It turned out to be a fine experience, certainly enhanced by the fact that I quickly became a free-lancer who could work at home. That baby must have wondered why the other women in his life weren’t attached to typewriters. His mother was. Later on, when I had to be away from home free-lancing, it was obvious that some of the stay-at-homes were clucking a bit with disapproval.
BULLET HERE PLS
We have a long way to go, not just on the equal pay issue, before women will be properly recognized for what they do in either milieu – at work or at home. The mother who is at home “don’t get no respect,” as Rodney Dangerfield used to say. And the mother in the workplace, who still has to field calls about problems her offspring are having, may put up with a lot of junk from the unmarried professional females around her.
What a stay-at-home mother deals with all day is what working mothers have to handle after their work day. And in many workplaces, no quarter is given for issues that may arise on the home front. Both have pressure cooker days, but the stay-at-home mother has little fear that a mistake will get her fired.
I’ve stood in both places and in between. None of it was simple, especially when a 40-hour job came along and the family had the crazy idea that mom would be gone all day, but nothing would change in their lives.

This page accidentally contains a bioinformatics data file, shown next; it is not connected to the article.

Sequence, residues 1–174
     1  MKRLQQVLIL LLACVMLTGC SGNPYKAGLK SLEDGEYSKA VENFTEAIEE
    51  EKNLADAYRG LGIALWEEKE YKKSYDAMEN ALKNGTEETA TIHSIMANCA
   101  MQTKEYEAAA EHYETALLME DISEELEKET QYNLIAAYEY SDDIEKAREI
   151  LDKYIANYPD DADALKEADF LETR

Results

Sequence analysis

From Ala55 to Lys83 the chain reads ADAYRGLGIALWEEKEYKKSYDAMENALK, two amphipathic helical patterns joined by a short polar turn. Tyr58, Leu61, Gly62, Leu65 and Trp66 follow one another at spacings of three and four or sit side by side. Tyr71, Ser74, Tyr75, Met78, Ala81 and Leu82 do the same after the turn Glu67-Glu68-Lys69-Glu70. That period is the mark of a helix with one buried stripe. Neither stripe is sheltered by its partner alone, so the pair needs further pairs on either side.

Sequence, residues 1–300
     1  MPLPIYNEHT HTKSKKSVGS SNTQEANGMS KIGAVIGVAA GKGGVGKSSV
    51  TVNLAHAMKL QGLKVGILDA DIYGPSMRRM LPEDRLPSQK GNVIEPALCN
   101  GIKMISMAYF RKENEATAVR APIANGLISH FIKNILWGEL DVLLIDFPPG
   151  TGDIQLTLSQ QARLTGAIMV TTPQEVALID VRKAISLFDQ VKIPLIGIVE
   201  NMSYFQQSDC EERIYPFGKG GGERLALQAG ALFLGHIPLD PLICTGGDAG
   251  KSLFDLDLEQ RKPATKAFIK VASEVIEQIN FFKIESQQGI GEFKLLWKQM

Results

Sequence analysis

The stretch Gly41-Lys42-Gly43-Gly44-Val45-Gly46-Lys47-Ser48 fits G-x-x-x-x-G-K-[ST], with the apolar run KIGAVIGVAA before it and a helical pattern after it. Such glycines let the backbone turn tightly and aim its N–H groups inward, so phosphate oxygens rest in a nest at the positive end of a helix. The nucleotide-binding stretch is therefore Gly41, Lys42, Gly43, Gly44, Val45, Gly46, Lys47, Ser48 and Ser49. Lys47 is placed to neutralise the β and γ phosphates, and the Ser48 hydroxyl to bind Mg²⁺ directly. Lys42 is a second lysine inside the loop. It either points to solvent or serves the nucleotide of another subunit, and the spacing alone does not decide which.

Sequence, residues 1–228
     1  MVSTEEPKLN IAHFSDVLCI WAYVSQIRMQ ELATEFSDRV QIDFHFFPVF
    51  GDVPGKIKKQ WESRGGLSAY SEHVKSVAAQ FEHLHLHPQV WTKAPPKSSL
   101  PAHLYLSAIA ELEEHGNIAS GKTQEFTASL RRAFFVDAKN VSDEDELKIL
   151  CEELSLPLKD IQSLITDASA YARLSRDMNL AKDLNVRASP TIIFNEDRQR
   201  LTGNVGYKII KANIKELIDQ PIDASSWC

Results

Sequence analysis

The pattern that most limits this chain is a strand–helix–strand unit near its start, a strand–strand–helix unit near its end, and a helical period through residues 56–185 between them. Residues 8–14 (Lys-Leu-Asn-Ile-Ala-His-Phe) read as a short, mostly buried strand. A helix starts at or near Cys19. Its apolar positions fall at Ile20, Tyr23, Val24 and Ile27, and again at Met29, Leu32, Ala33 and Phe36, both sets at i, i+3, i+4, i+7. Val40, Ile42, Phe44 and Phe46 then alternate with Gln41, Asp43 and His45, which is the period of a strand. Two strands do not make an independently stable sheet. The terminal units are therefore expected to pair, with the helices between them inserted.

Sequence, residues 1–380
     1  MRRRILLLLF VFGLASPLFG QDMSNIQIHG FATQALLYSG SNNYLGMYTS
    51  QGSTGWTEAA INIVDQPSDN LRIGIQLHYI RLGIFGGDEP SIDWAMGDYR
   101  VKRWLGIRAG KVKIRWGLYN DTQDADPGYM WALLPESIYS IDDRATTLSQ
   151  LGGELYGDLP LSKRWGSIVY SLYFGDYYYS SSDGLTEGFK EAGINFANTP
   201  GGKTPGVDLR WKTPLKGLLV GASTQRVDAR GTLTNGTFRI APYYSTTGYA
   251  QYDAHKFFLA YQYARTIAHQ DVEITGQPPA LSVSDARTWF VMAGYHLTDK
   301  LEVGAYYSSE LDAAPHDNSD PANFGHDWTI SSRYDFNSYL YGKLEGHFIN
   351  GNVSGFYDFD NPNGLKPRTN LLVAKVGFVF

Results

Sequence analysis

That’s ages ago. In the meantime, we apparently haven’t gained much in the way of respect for our decisions. It’s not an “us and them” thing. It’s we.
Ruth Bass, a former Eagle Sunday editor, is author of two historical novels.
Column for January 26, 2009
Lots of people say they can’t cook, which either means they won’t, they don’t want to, they are afraid to, or they can’t follow directions. Reading is the basic talent needed for cooking, and if a translator is present, even those too young to read can cook.
For children, it can be not only fun but one of those things that fills up the part of the day when everyone is a little tired and a lot hungry. The most inventive cook among our offspring is the one who was rolling meatballs at the age of three, basically because of a need to fill the time before lunch and a nap.
Making meatballs isn’t all that far from making mud pies – nicely messy and absorbing – and far more productive. Her next major foray into cooking was making Christmas cookies with a babysitter, who probably had a similar need to use up a quantity of time and also achieve something.